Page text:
Teaching Philosophy

The ultimate goal of my facilitation in the field of peacebuilding education is for violence to be eliminated, justice to be realized and peace to be achieved. Whether this justice and peace is individual and personal, community based, national or international, those seeking justice and peace for themselves and their communities, learn by discovery through a practice/reflection/correction cycle. Due to the complexity of conflict, it takes a learning environment diverse and responsive enough to activate the creativity and imagination inherent, though sometimes latent, in each human mind. The use of any technology, from a chalk board and manila paper to synchronous webinars and video conferencing will depend on the area of the world where I am training and the availability of things such as reliable electricity, a projector and the internet.*

 

Participants bring a life experience to the learning environment and as a result will learn best when I act as a facilitator, structuring input and activities that value and respect what they know already while challenging unproductive and unhelpful assumptions. Role plays, case studies, group work, and reflecting on critical questions are all tools I use in facilitated learning. I believe that a good parable or story can illustrate the core of an important idea and thus I increasingly use my own life experience as well as good videos to encapsulate the wisdom and experience I seek to convey in narrative form.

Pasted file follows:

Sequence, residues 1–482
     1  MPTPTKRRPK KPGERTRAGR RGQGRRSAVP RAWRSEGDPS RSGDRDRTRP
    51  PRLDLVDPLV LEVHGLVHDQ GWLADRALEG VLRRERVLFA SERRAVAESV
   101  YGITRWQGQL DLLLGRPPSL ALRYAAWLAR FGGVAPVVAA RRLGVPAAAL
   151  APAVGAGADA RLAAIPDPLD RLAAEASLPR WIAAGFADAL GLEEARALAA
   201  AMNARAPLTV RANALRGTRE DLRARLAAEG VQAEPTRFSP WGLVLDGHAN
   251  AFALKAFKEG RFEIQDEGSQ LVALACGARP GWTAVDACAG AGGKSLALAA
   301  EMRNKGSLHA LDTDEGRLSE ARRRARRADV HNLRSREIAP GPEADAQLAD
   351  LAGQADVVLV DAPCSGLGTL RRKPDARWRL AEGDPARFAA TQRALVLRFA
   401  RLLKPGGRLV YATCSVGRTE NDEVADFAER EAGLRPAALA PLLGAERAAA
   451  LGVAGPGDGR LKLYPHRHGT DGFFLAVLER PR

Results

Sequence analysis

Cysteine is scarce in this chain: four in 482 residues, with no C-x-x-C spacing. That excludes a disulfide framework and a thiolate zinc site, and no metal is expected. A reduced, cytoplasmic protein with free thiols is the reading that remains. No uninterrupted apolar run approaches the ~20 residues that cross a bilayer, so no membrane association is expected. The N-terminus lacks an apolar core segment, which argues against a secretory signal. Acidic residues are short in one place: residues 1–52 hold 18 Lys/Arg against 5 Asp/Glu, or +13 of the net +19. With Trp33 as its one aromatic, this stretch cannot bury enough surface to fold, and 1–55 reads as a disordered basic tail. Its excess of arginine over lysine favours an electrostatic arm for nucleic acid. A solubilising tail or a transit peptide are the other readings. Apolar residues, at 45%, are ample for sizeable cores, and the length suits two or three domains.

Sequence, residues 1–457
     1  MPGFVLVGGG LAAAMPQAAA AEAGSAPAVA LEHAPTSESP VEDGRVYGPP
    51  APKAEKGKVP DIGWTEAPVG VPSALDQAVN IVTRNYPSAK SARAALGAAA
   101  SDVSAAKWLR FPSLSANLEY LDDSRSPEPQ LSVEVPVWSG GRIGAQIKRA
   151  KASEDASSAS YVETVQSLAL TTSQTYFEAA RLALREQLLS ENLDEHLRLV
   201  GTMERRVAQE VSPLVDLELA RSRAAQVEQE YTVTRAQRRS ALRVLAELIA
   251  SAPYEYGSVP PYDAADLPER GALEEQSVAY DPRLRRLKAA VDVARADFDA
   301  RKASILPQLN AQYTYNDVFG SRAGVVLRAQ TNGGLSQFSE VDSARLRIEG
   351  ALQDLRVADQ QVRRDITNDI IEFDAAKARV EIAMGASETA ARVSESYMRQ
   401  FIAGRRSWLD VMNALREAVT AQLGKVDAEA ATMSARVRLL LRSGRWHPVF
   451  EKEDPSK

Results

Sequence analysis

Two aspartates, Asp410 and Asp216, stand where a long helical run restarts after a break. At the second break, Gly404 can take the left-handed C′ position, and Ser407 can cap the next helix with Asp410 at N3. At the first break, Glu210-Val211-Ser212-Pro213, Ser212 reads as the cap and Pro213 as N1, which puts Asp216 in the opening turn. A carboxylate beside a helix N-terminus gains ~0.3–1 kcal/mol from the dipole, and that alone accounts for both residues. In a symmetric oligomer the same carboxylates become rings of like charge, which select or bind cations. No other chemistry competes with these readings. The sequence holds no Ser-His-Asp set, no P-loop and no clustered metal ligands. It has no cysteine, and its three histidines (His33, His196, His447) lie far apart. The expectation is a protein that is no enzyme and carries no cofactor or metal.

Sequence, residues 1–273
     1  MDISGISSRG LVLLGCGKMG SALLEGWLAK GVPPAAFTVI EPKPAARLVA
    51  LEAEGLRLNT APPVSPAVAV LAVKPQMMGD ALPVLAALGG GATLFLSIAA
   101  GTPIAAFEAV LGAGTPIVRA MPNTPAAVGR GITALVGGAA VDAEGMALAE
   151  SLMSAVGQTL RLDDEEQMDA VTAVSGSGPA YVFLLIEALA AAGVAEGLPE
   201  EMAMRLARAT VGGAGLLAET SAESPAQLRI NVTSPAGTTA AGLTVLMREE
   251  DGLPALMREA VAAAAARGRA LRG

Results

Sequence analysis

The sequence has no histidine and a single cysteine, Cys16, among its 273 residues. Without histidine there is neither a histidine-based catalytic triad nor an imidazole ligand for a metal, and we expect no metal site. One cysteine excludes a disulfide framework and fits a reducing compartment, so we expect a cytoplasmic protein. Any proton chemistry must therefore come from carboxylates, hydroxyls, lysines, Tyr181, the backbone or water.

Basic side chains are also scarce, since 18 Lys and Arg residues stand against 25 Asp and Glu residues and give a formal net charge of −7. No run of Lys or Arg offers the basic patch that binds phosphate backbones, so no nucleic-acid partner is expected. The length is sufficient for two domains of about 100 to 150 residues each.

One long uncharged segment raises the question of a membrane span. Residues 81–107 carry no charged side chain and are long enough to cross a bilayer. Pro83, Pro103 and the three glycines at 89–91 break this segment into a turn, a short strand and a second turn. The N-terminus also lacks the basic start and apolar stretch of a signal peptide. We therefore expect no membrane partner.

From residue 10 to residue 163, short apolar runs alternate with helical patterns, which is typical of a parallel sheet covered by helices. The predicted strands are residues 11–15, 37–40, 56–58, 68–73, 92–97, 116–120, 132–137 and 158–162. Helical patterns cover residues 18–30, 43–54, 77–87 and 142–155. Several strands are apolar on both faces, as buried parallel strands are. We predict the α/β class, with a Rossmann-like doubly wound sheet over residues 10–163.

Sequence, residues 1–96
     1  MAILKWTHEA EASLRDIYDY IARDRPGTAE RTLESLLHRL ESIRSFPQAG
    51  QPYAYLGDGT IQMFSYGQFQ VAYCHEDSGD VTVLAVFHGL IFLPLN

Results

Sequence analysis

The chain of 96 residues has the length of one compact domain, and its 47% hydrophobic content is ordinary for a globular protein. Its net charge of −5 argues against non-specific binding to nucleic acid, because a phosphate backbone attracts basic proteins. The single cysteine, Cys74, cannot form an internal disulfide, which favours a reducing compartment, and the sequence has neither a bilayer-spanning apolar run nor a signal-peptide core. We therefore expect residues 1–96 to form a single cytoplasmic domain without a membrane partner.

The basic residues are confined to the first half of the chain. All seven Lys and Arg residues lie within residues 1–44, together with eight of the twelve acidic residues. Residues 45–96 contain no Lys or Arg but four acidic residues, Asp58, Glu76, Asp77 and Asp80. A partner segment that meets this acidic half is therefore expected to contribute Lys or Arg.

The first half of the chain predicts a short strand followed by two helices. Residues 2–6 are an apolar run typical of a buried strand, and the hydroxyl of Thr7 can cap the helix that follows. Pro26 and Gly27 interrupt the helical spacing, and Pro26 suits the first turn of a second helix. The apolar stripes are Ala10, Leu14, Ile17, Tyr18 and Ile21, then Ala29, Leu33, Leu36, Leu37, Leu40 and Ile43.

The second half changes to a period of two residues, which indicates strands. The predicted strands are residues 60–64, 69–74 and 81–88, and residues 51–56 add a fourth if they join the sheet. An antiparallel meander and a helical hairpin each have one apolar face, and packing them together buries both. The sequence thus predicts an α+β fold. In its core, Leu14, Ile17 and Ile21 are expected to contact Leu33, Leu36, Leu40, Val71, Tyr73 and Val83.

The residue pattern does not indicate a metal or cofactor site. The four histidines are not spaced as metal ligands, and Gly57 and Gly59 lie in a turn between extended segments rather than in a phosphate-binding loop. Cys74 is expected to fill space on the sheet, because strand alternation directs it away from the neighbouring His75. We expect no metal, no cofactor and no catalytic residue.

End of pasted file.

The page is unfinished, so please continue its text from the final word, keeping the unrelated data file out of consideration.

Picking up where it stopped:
I see the learning environment as a cross cultural meeting of people. I have learned, through 30 years of blundering through Africa and Asia, that the best posture to survive cultural disorientation is adopting a learning posture. I approach each new training and/or classroom event as an opportunity for my own learning. Increasingly the students I encounter are technologically savvy in ways I can quickly lose touch with. In order to stay relevant, it is imperative that my technological competence keep pace with my pedagogical and content competence.

 

As I gain experience in facilitated learning, I am increasingly aware that technology in the classroom is a bit like conflict. It is ever present and can be harnessed for either constructive or divisive purposes. Constrictive in that, in its best form, technology can unify and bring people together. In its worst usage, alienate people and contribute to the (digital) divide already at work in much of the world.

 

I am committed to education for the promotion of the highest common good.